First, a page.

Used Cars Are Having A Moment
Why a Record Number of Prime-Credit Customers Are Choosing Pre-Owned Cars Over New
As a seasoned American buyer of things, there’s one purchase that has always ranked in my mind as the consumer’s version of Manifest Destiny: a new car.
Factory-fresh and sporting its famously elusive smell, a new car’s never-been-owned pedigree and obsidian-like tire walls never fail to command every penny of a dealer’s full and unflinching retail price from me.
For me, a car is either new or it’s not happening. I accept no substitutes. I do not compromise.
I am a sucker.
Well, the “old” me was, at any rate. These days, I’ve seen way too many bad financial decisions come home to roost to fall for the fool’s gold that is unsheathing the dashboard displays of a new car from their virgin plastic and driving it off the lot—right into an instant pothole of depreciation and regret.
Fact is, new cars are losing headway to an unlikely rival: pre-owned cars, which are far more affordable, better-maintained than ever, and often indistinguishable from their right-off-the-assembly-line cousins.
In fact, the percentage of consumers with prime credit who financed pre-owned cars instead of new ones hit a record high of 62% in the first quarter of 2019, according to a report from CFRA research.
"In our view, the fact that the most qualified consumers are increasingly gravitating toward used vehicles is a potential red flag for automakers who continue to push the limits of consumer affordability," wrote Garrett Nelson, the author of the report.
The High Price of Buying New
If you’ve been cruising dealerships recently, you’ve no doubt discovered that the cost of actually buying a new car has risen substantially. The American Automobile Association suggests that the cost of a new car transaction is up as much as 5 percent from past years, with the biggest factor being a 24 percent spike in financing costs.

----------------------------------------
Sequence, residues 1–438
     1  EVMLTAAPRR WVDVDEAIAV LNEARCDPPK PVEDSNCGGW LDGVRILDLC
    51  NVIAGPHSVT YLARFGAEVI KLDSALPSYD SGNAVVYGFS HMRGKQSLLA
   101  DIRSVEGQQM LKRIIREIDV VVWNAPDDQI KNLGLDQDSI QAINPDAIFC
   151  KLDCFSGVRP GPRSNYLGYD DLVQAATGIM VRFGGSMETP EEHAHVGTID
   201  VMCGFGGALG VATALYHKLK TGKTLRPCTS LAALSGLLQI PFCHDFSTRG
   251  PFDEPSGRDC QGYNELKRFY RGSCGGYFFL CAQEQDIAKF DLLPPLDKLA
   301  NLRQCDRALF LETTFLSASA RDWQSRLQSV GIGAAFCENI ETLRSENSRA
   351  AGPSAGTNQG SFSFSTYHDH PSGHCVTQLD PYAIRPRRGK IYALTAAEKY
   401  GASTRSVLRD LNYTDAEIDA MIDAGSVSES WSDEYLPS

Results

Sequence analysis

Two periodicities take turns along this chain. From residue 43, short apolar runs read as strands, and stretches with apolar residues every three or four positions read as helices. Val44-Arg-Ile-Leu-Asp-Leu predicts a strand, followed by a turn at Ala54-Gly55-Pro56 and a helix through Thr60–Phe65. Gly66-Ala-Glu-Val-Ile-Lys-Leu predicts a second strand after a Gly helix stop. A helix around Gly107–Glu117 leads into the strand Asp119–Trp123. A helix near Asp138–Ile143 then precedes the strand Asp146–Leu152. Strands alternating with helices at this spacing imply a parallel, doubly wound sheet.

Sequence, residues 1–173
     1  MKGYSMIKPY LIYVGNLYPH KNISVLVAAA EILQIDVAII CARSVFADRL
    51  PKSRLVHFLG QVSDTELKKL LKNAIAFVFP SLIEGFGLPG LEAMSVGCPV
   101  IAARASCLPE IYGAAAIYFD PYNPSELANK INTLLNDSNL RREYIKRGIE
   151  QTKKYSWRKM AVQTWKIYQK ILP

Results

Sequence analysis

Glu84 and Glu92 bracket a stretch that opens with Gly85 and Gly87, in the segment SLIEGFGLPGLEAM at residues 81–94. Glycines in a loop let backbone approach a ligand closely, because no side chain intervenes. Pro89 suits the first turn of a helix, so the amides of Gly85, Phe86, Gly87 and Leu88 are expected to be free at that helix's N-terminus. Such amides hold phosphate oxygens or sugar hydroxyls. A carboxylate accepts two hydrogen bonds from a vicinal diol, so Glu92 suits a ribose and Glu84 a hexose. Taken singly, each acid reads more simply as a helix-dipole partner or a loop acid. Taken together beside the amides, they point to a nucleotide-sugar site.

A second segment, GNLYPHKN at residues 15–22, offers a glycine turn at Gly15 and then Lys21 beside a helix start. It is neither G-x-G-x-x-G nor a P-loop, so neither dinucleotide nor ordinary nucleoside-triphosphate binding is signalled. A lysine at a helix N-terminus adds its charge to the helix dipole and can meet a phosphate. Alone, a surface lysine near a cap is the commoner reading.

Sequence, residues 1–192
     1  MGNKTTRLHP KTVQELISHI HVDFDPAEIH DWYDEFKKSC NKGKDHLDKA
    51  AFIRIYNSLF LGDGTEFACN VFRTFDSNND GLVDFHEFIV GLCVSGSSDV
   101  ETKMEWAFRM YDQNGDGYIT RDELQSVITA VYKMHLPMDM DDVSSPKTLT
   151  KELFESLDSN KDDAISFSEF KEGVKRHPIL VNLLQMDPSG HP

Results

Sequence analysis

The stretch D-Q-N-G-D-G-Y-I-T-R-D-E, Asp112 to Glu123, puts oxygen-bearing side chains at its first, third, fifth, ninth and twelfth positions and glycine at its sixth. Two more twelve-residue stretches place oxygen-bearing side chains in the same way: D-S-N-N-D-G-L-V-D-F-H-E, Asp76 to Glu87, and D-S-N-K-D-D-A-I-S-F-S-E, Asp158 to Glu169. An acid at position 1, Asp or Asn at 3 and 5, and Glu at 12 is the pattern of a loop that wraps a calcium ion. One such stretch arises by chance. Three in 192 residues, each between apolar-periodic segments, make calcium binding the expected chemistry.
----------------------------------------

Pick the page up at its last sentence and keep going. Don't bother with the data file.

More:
“New cars depreciate quickly and when comparing options, a used car just makes financial sense," notes Morgan Taylor, a marketing officer and financial advisor for letmebank.com. “For example, a 2020 Toyota RAV4 can easily cost over $30,000, while a model less than three years old with low mileage can be had for less than $20,000. A 33 percent saving is substantial enough to steer people into a used car.”
The days of those zero-percent loans are dwindling, and with people making the move into much larger and more expensive SUVs and trucks as their daily drivers, costs have gone up—with many precariously agreeing to much longer loans, as well. According to Kelley Blue Book, which monitors car values and transaction prices, the average transaction price for a light vehicle in the United States was a whopping $37,185 in May 2019.
The AAA’s research found that drivers now pay approximately $9,282 a year—almost $750 a month—to own a new vehicle, if you include everything from maintenance, depreciation and financing costs. And annual financing costs alone have jumped from about $744 last year to $920. Add that all together, and a new car turns out to be a huge monthly hit on your paycheck.